The Gospel for the City in Genesis 5
by John Davis
Genesis Five confirms God’s earlier threat to Adam that death, both spiritual and physical, would be the consequence of rebellion against the Creator. Though it would appear that some might escape the threat of death, living for as much as 969 years, inevitably death comes to all – except for one. God takes Enoch from the death-cursed world demonstrating that He alone rules over death and can rescue anyone from death. He also shows His power over an evil world by raising up Noah, a type of the Messiah, who witnessed a world devastated by rebellion and evil and through whom God brings about a new world.
The new world of Noah would again be ravaged by sin, necessitating One, the promised seed of the woman, who would finally deliver the world and its inhabitants from the curse. The Deliverer has come; He has borne the curse for us; He has inaugurated a new creation in which we now participate. We are tasting the new creation in Christ and longing for its consummation at His coming.
Though we still read obituaries in the city newspapers, being reminded of the reality of death, we do so understanding that the One who conquers sin and death has come. Though urban centers, perhaps more than any other place, bear witness to the devastating ravages of sin, we have the joy in church planting of raising up new communities, bringing the presence of Christ’s kingdom into an alien and fallen kingdom. This New Covenant Kingdom radically differs from the kingdom of this world: www.firstimportance.org quotes from Neil Williams on the radical newness of the Kingdom of Christ.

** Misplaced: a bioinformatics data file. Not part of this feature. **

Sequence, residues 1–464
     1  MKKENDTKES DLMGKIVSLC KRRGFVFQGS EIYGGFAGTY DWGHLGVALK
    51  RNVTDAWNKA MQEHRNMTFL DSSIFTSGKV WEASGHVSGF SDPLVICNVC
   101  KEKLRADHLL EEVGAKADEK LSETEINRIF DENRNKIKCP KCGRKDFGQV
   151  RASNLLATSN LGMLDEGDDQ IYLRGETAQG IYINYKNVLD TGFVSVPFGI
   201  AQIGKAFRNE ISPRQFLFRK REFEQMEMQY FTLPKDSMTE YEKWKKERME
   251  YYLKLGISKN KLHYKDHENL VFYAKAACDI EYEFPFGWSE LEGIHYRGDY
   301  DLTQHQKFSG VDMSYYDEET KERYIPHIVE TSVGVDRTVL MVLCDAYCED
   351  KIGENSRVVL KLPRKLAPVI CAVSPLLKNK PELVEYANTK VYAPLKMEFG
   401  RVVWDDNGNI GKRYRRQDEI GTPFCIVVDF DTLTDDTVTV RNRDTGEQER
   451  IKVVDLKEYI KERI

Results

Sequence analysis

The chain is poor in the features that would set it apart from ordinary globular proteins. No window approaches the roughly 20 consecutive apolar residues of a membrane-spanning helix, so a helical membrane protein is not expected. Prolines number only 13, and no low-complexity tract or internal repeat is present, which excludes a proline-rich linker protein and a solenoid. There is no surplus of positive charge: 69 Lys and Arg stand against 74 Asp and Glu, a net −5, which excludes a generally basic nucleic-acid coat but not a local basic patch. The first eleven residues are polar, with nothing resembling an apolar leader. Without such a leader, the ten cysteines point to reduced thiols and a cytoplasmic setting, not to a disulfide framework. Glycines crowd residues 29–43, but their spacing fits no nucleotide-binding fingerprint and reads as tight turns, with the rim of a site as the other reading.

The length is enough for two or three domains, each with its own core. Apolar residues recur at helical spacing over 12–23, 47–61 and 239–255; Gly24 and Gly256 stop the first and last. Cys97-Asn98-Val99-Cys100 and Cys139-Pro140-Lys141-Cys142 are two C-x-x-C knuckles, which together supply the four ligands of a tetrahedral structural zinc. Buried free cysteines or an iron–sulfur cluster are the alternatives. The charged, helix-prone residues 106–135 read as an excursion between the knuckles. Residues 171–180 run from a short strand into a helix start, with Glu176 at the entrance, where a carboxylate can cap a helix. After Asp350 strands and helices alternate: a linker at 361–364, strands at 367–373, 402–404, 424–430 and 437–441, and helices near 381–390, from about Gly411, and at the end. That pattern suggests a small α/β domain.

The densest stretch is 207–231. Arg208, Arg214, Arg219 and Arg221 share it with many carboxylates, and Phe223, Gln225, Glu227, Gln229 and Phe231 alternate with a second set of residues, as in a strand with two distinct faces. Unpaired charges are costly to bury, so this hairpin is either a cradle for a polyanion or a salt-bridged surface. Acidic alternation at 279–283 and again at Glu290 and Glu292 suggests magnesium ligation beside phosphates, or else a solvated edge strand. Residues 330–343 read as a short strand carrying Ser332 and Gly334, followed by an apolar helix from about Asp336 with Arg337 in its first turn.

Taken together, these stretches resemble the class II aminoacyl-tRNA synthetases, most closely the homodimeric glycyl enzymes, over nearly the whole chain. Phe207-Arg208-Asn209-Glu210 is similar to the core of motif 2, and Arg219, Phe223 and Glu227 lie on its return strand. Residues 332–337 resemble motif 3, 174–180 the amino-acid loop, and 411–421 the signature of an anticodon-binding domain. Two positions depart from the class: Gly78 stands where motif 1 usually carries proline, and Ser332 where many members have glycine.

“The kingdom of God is the new and final age that began with the coming of Jesus. His kingdom is not part of the present age — an age where the flesh reigns; where people are divided, relationships are broken, and suspicion and competition dominate; where money, sex, and power are abused; where leaders are first and servants are last; where behavior is controlled by laws, and identity is defined by race, gender, or social standing; and where gifts and resources are used for the advancement of oneself. Rather, the kingdom of God is the new age. It is the age of the Spirit (Matt 12:28). It is the age of righteousness, peace, and joy in the Holy Spirit (Rom 14:17). The kingdom of God is about the renewal, restoration, and reconciliation of all things, and God has made us a part of this great story of salvation.” – Neil H. Williams, Gospel Transformation (Jenkintown, Pa.; World Harvest Mission, 2006), iii.
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